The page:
Project: Mechanical Properties of Road Ironwork Pavement Systems

Reference: CSU 28/4/65

Last update: 26/01/2010 17:36:29


To investigate the mechanism of premature damage to the asphaltic reinstatement surrounding conventional road ironwork installations and the use of alternative support systems to minimise damage to the road ironwork installation and surrounding material.


The elements of the support systems will be tested in the laboratory and analytical/numerical modelling conducted. A number of full-scale trials both in the laboratory and on the road will be held.


Danelaw Ltd
19-27 Royal Oak Way South, Daventry, NN11 5PJ
01327 906505

Stanton plc
PO Box 72, Nottingham, NG10 5AA
0115 930 0714

SWK Pavement Engineering Ltd
9 Faraday Building, Highfields Science Park, Nottingham, NG7 2QP
0115 922 9098

Diamond Cable Ltd
Dale Side Road, Nottingham, NG2 3GG
0115 912 2240

Contract details

Cost to the Department: £63,000.00

Actual start date: 24 February 2000

Actual completion date: 13 November 2003


Mechanical Properties of Road Ironwork/Pavement Systems
Author: Dr A C Collop
Publication date: 01/09/2002
Source: School of Civil Engineering, University of Nottingham

Summary of results

  1. Technical work has broadly been divided into fourareas of activity: (i) laboratory element testing, (ii)pilot scale laboratory testing, (iii) in-situ testing and(iv) Finite Element (FE) modelling. Activities withineach of these areas are expanded in the following.

    Laboratory Element Testing
    Static and Dynamic creep tests have been undertakenon both solid cylindrical samples of the material usedto make Jig Brix (manufactured by Phi Design) and theactual Jig Brix elements. Results indicate that there issome permanent deformation under repeated loadingbut that the magnitude is small and is likely to beinsignificant in the context of a road ironworkinstallation. This has been corroborated fromstationary repeated load tests carried out in the rollingwheel facility. Repeated load fatigue tests have alsobeen undertaken. Results indicate that fatigue is notlikely to be a mode of failure under stress levels typicalof traffic loading. Testing has also been undertaken todetermine the mechanical properties of the Jig Brixelements (required for the FE modelling) and toinvestigate the buckling behaviour of a number ofstacked Jig Brix. Results have compared favourablywith FE predictions.

    Laboratory element testing has also been undertakenon full-scale Jig Brix chambers without the surrounding pavement structure (to assess the effect of lateralconfinement). LVDTs have been used to determine thedeflections at various heights and a load cell has beenused to measure the applied force. Results have shownthat the force-deflection (stress-strain) characteristicsare non-linear and that the strains are approximatelyevenly distributed along the chamber. Lateraldeflections have also been measured to assess thehorizontal expansion characteristics under axialloading. The results have also been used to determinean average composite stiffness for the chambers foruse in the FE model and comparison with the elementtesting.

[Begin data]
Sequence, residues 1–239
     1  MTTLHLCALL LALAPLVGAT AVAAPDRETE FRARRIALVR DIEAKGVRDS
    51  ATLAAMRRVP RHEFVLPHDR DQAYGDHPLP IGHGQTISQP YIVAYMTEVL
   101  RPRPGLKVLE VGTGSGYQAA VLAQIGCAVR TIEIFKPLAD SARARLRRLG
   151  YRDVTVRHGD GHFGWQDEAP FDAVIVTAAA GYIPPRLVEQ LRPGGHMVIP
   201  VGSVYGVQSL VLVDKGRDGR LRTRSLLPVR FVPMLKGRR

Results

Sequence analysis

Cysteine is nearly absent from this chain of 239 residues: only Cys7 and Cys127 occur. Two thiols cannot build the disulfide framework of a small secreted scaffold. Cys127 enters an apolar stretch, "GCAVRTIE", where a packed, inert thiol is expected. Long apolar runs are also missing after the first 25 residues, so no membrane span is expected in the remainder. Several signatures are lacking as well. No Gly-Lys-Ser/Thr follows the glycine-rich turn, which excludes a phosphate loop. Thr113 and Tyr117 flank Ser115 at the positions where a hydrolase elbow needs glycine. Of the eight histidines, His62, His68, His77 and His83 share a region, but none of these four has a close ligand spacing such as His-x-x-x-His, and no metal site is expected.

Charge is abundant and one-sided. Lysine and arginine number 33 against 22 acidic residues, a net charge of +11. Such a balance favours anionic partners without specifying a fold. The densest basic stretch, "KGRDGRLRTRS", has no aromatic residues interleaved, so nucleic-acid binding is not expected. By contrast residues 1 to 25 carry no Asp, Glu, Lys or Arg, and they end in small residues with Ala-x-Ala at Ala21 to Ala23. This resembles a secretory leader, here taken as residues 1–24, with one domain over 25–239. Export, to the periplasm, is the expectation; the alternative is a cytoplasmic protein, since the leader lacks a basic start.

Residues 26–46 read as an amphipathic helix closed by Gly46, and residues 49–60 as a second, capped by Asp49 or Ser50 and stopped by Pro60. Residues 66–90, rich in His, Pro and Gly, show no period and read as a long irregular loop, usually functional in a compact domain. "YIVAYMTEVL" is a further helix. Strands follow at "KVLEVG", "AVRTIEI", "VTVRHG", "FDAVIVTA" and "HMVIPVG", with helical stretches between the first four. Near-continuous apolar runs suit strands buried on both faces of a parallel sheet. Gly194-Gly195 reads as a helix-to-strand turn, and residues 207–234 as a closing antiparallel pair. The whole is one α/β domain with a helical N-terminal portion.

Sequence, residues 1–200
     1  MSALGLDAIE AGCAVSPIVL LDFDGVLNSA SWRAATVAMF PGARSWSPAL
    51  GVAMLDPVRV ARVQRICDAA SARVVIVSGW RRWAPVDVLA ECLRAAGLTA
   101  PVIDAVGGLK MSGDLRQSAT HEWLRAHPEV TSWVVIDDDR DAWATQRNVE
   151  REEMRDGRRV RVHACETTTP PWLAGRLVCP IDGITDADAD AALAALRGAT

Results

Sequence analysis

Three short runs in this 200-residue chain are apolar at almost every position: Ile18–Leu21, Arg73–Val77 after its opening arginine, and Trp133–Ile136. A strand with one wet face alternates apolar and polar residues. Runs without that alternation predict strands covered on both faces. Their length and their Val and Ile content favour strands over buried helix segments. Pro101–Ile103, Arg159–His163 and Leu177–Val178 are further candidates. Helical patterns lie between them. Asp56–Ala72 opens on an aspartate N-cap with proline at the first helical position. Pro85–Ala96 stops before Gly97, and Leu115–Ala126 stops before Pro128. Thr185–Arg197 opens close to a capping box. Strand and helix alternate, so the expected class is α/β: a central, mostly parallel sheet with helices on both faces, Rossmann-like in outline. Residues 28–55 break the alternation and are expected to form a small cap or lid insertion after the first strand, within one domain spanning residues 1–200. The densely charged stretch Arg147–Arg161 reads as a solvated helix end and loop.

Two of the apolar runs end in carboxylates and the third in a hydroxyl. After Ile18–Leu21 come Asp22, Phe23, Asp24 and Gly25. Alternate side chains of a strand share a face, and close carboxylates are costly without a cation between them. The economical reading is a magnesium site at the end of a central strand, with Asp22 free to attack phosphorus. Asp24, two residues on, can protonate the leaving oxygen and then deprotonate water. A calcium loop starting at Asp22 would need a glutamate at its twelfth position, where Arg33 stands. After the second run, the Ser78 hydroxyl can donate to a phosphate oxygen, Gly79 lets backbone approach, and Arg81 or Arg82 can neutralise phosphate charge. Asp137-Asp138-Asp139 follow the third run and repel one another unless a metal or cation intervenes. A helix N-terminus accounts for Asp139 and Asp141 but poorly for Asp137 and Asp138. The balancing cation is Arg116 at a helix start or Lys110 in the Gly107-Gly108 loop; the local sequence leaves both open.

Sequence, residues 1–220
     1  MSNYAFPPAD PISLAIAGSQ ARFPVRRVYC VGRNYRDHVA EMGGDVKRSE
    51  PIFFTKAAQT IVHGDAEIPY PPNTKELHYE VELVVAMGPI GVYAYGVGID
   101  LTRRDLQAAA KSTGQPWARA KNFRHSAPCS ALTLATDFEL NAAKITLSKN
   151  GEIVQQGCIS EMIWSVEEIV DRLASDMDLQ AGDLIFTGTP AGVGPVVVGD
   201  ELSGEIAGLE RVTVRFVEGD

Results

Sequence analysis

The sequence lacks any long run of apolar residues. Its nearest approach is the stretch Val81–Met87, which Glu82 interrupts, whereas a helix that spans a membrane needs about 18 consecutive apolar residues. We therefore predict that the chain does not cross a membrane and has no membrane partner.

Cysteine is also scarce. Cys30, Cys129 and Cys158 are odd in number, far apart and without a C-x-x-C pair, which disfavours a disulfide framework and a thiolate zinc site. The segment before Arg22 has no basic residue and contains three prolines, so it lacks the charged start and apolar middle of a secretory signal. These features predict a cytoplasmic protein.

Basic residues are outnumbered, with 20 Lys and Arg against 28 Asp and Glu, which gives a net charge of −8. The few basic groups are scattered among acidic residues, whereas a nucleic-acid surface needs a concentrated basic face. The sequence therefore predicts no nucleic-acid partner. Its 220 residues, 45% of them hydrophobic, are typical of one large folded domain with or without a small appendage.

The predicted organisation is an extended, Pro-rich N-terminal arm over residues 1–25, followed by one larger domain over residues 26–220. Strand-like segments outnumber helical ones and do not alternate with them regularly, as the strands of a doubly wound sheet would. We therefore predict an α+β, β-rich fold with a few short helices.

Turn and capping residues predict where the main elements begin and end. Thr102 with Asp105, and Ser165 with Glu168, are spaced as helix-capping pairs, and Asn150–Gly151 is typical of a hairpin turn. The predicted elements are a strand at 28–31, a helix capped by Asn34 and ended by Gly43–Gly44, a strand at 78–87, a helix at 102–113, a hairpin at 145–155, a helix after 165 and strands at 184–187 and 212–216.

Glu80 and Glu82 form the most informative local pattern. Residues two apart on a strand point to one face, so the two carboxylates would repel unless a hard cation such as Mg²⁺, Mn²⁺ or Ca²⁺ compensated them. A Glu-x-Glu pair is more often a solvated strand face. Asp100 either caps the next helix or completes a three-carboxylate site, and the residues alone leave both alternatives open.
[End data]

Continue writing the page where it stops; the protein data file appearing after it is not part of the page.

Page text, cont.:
Pilot Scale Laboratory Testing
    Early in the project significant modifications to therolling wheel testing facility at Nottingham wereundertaken to allow the magnitude and speed of theload to be controlled to a higher degree of accuracythan was possible with the previous system (used inthe previous LINK project).

    A suite of rolling wheel tests were undertaken onflexible and rigid full-scale chamber constructions.Detailed instrumentation has been used to providedata for FE model validation. Flexibility has beenintroduced into the chamber construction by utilisingthe Jig Brix elements and also a novel systemincorporating concrete rings and a flexible fill material(developed by Stanton Bonna). Results have beencompared to those obtained from a traditionalbrickwork chamber construction.

    In-Situ Testing
    To provide information relating to the behaviour ofreal chamber construction, in-situ testing using aFalling Weight Deflectometer (provided by ScottWilson Pavement Engineering) has been undertaken.Chambers constructed using Jig Brix elements inNottingham and Norwich have been tested and an existing brickwork chamber, located at Saint GobainsHolwell works, modified to incorporate Jig Brixelements, has been tested (before and aftermodification). A Danelaw flexible chamber installationat Boreham Wood has also been tested during theearly stages of the project.

    Finite Element Modelling
    Both two-dimensional and three-dimensional FiniteElement (FE) modelling has been undertaken. Themain objective of the modelling is to investigate thecharacteristics required for a range of chamberconstructions and pavement types. Initially, models ofthe rolling wheel testing in the laboratory have beendeveloped and validated with the experimental data.The models are currently in the process of beingextended to investigate the performance of a range ofdifferent chamber construction scenarios.

    On the 7th March 2002, a seminar was held at theUniversity to publicise results from the research. Theseminar was combined with the launch of a HighwaysAgency Advice Note that was developed byNottingham largely based on results from the previousLINK project. The invited audience was drawn from allsectors of the road ironwork industry (approximately60 or so attendees) and the feedback was extremelypositive.

    The main activity outstanding is to extend the FEmodel to cover a wider range of chamberconstructions and pavement types that will provide thebasis for simple guidance for installation of newchambers and refurbishment of existing chambers. Thefinal report to LINK should be completed by the 31stAugust 2002.

Departmental Assessment Status: Project completed prior to implementation of Departmental Publication Scheme